Cabinet approves haredi affirmative action for public jobs

Bennett says the plan proved the governments commitment to integrating the ultra-Orthodox community into the labor market.

May 25, 2014 19:43
1 minute read.

Mass haredi demonstration against military conscription, March 2, 2014.. (photo credit: REUTERS)

The Cabinet on Sunday approved an initiative to increase haredi employment by giving them preference in government hiring.

The proposal appointed a team to flesh out the specifics of the policy, and set specific benchmarks and goals within 60 days (July 24).

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Just 44.% of haredi men work, barely more than half the national average of 81%, according to the Economy Ministry. Even though it comprises 8-10% of the population, just 1% of the community's males are employed in public administration.

Prime Minister Binyamin Netanyahu said that initiative was taken "for the benefit of the ultra-orthodox community and to integrate it into the general labor market. I think that this is the right step in the right direction and there will be other steps."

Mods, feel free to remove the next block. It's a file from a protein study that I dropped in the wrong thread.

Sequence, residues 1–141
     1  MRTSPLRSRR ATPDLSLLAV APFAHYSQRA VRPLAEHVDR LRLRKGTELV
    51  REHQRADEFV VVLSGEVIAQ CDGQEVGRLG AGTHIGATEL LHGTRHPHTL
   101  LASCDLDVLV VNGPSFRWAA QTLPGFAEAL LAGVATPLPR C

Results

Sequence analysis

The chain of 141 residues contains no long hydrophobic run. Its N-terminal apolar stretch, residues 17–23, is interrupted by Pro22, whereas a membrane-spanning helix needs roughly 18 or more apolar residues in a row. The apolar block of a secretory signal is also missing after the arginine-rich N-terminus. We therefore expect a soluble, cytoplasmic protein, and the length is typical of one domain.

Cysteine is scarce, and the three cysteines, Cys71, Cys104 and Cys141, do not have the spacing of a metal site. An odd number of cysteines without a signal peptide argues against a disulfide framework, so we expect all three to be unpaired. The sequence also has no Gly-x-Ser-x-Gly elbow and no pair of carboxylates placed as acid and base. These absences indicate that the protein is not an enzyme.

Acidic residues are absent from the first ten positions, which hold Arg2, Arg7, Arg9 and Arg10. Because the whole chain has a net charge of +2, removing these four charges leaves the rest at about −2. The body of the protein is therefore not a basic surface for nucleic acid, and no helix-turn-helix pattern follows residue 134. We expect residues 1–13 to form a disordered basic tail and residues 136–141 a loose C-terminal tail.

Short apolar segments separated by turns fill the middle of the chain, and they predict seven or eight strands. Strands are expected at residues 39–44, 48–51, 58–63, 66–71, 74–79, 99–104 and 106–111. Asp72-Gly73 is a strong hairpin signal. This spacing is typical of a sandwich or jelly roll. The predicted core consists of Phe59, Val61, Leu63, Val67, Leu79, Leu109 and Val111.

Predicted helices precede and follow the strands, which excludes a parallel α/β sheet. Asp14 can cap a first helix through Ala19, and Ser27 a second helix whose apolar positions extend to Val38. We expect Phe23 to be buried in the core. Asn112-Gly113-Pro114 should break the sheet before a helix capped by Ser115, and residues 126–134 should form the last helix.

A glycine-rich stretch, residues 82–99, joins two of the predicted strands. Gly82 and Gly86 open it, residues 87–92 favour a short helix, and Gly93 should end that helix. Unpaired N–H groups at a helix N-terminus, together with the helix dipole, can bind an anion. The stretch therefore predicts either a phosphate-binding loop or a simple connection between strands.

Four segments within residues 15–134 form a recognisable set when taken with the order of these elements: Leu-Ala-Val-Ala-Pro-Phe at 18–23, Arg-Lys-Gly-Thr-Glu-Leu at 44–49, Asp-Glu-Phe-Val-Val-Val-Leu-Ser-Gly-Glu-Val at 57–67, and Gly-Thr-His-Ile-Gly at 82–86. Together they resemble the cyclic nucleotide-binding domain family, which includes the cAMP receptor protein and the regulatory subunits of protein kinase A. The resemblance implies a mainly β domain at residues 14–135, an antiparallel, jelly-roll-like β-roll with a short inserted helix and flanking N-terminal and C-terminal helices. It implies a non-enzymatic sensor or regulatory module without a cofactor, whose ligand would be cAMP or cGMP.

Economy Minister Naftali Bennett said the plan proved the governments commitment to integrating the ultra-Orthodox community into the labor market. "I hope that a year from now, when I walk down the hallways of the Economy Ministry, I will see haredim in key positions in the ministry," Bennett said.

The government's hope is that easing entry to Israel's largest employer, the government, would act as a "multiplier" by helping haredim gain new job skills and serving as an example for the community.

Hiddush, an NGO that promotes religious freedom, spoke out against the bill, saying it would discriminate against the non-religious.

The government, said Hiddush CEO Uri Regev, "is trying to approve policy that will give [haredim] a prize for draft-dodging and preference in acceptance to public service over those who have served."

A better policy, he argued, would give preference only to those who served in the army or national service for at least one year.

Finding ways to integrate the haredi population into the workforce has been set as a central goal for Israel's medium and long-term economic security.

Bank of Israel Governor Karnit Flug found that, given demographic trends, low employment rates among Haredi men and Arab women could chop 1.3% off of Israel's annual growth, and 7% off the national employment rate in the long-run.

The economy ministry has opened vocational training centers to help get haredi job skills up to snuff. But Bennett has noted that even educated and well-trained haredim face difficulties in getting hired.

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